Now for a closer look at option number three. What follows is my assessment of the major arguments advanced in favor of the national sales tax:

A sales tax is not an income tax. The case for a sales tax begins with one highly appealing applause line. It will allow us, supporters argue, to eliminate the income tax altogether, possibly even repealing the 16th Amendment, which authorized it and made Big Government possible in the first place.

Even if that goal were politically feasible -- and I don't think it is -- the exchange would come at a high price. We would give up the income tax for a more intrusive and pervasive tax system.

The reason is simple. If the government sets out to collect a new tax at the cash register, it will soon have no choice but to extend that tax beyond the retailer to every level of production, as it desperately tries to stop inevitable and massive tax evasion. Any sales tax will become a complex, pervasive, multi-rate, value-added tax. We will soon be living under a VAT -- possibly the most insidious tax scheme ever devised.

Sales-tax backers often oppose a VAT. But that's what they'll get. To generate sufficient revenue by taxing goods only at the retail level, the government would need to impose a sales tax of at least 20 percent, which means that consumers would suddenly find that everything they buy appears to be 20 percent more expensive. But people will not pay such a high tax. They will either find ways to label their consumer goods tax-exempt wholesale items, they will purchase goods in a cash black market, or they will evade it some other way. A sales tax, in other words, will be immediately undermined by a silent tax revolt, and the government -- following the pattern of European countries -- will respond by imposing a VAT.

A VAT is assessed at each stage of production and is much easier to collect and enforce for a host of reasons. You can hear the bureaucratic lament in a 1993 report by the Organization for Economic Cooperation and Development, which noted: "Governments have gone on record as saying that an RST [retail sales tax] of more than 10 percent to 12 percent is too fragile to tax evasion possibilities, and it is probably not entirely accidental that in OECD counties, VAT rates are nearly always above 12 percent and that, except in Canada and Iceland, RST rates have always been well below 12 percent."

These unhappy governments were speaking from sad experience. In 1967, 21 developed countries had retail, wholesale, manufacturer, or multi-stage sales taxes. Today, 20 out of 21 of these sales taxes have become value-added taxes. Every developed country except Australia that has had a sales tax now has a VAT. (Even Canada and Iceland, mentioned as exceptions when the OECD report was written, have since replaced their retail-tax-only systems with VATs.)

Whether or not the sales tax evolves into a VAT, the government would become intimately involved in almost every economic transaction between consenting adults. The simplest exchange, from a vegetable farmer selling his produce to the corner grocer selling a loaf of bread, would be under the shadow of a government tax collector taking his cut. In fact, every businessperson in America would become a tax collector for the government.

"But businesses already collect taxes for the government," sales-tax supporters counter. There's a big difference. Today, businesses collect a relatively small share of the income tax, since three quarters of the income in the economy is labor income, paid by individuals. But under a sales tax, there is no direct tax on individuals, so businesses will be responsible for collecting several times what they collect today. That means IRS scrutiny of American businesses could be expected to rise proportionately. Since the 10-12 million businesses in America have fewer rights under law than individuals, we can expect IRS abuses to rise exponentially as well.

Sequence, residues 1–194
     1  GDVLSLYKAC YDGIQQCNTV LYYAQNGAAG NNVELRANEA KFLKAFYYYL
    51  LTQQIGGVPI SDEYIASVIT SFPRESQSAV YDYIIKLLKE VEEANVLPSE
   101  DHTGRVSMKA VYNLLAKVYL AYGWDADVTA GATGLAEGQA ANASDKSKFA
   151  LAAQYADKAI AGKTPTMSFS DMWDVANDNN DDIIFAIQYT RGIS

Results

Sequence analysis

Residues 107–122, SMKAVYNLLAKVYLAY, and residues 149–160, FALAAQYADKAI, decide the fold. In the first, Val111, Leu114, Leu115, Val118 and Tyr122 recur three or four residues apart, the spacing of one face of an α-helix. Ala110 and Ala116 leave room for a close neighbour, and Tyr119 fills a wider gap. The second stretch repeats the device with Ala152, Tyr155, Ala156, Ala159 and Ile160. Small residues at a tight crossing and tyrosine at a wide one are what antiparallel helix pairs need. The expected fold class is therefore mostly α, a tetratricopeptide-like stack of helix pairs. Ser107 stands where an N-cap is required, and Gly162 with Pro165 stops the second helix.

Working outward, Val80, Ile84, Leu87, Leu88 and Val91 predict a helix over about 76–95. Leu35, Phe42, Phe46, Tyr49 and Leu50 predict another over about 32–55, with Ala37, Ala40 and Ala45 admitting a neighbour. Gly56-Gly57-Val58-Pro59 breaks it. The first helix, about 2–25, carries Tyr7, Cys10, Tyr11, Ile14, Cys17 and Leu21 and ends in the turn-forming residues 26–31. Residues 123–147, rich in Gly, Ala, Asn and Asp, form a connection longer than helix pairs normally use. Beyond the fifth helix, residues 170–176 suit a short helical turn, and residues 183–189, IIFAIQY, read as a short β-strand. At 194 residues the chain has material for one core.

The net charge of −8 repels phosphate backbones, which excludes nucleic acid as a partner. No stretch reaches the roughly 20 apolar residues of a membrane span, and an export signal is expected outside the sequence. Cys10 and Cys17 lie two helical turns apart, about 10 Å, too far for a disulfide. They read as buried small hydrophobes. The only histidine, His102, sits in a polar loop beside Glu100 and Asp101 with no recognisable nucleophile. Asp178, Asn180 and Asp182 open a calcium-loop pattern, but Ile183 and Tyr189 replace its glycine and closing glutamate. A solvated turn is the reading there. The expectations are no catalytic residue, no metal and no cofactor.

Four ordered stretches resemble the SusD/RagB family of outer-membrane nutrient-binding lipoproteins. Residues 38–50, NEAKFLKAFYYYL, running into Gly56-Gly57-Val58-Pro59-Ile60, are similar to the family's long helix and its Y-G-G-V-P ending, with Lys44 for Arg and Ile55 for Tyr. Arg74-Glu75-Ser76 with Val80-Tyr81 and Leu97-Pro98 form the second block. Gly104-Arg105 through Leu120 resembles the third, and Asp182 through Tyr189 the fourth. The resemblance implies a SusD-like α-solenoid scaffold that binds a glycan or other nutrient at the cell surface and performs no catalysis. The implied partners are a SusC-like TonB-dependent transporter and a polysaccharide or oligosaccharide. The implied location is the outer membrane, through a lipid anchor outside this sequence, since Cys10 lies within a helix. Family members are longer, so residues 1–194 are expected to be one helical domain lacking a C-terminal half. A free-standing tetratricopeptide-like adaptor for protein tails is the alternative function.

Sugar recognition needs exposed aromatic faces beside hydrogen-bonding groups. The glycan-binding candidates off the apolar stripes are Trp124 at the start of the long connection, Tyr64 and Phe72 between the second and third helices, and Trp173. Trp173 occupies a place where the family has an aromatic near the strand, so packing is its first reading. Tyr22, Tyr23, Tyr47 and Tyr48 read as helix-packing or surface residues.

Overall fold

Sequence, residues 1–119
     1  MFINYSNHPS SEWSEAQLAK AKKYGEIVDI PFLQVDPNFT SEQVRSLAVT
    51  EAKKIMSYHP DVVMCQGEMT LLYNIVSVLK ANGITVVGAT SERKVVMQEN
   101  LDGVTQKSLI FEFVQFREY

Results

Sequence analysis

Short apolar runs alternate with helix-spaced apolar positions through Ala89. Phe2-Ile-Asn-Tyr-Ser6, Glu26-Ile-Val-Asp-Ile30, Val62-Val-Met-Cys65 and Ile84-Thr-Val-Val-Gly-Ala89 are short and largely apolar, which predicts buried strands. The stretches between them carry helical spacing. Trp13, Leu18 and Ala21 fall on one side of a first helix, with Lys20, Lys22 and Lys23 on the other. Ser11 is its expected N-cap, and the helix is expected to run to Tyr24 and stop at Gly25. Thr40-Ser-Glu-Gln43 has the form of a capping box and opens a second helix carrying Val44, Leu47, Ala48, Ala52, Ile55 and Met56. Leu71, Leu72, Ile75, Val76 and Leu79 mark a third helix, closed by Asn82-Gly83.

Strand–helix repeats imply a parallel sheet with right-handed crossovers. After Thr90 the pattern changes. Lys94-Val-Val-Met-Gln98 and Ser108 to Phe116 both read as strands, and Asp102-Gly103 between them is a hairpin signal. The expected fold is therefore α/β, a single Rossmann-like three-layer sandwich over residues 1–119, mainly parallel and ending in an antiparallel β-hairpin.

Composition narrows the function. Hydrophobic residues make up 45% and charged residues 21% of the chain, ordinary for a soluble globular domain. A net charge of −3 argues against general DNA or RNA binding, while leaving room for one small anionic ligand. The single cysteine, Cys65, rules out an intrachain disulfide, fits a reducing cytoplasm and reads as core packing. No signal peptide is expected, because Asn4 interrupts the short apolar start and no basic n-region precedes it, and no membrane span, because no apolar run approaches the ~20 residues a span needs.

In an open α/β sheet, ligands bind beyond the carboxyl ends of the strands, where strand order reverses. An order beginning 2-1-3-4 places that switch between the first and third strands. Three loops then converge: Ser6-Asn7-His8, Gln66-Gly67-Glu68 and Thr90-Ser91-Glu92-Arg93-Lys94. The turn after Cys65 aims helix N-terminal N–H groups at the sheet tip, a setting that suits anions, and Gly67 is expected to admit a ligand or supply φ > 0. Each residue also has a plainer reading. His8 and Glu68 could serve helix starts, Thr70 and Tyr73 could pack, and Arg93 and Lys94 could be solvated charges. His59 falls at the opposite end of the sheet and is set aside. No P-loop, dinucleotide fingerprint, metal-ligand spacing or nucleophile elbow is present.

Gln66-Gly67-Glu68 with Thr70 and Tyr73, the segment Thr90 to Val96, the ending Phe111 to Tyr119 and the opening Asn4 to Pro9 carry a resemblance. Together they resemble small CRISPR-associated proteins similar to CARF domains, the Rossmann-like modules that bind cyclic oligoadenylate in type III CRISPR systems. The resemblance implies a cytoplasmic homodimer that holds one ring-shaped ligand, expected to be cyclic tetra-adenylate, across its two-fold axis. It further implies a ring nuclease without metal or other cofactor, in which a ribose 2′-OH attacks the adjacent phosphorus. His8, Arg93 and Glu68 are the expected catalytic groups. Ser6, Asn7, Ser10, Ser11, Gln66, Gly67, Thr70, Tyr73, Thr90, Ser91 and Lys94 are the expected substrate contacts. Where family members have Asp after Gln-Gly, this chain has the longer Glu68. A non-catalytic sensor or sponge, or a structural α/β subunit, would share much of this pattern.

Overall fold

It would be an administrative mess. A national sales tax may well exempt many basic necessities from tax --beginning with food and clothing. This would lead to bitter disputes over the difference between food and candy, between real clothes and costume accessories. Congress and the courts would likely find themselves debating the nutritional value of Twinkies, the body coverage of sportswear, and much else, just as state governments do today, but on a larger scale.

Worse, the federal sales tax and the dozens of different state sales taxes -- aside from having different tax rates -- would likely exempt different items. That means a small businessperson would need to look up the correct state sales-tax rate, apply the federal rate, subtract the state tax rate from items exempted only by the state, or subtract only the federal rate from items federal-only exempted. Then he would need to do separate calculations for each of the states in which he does business. (And he would need to catch any mistakes before the tax enforcer appears.)

The likely consequence would be a slowdown in business activity -- and a loss of jobs and drop in wages for millions of American workers.

We could eliminate the IRS. Ignoring or dismissing this inevitable tendency for a sales tax to become an all-pervasive VAT -- with a huge accompanying bureaucracy -- some sales-tax advocates nevertheless argue that the sales tax would allow us to eliminate the IRS altogether.

The argument is presented with an interesting federalist twist. The states, they say, could collect the new federal sales tax through their existing sales-tax systems. The federal government, then, could do without its own revenue collection agency. We could bring about the ultimate devolution of federal authority.

One immediate problem, however, is that five states do not have a sales tax and would not take kindly to enforcing one for Washington. Even those that do would consider the costs of collecting a huge federal sales tax (the main source of federal revenue) an unbearable federal mandate.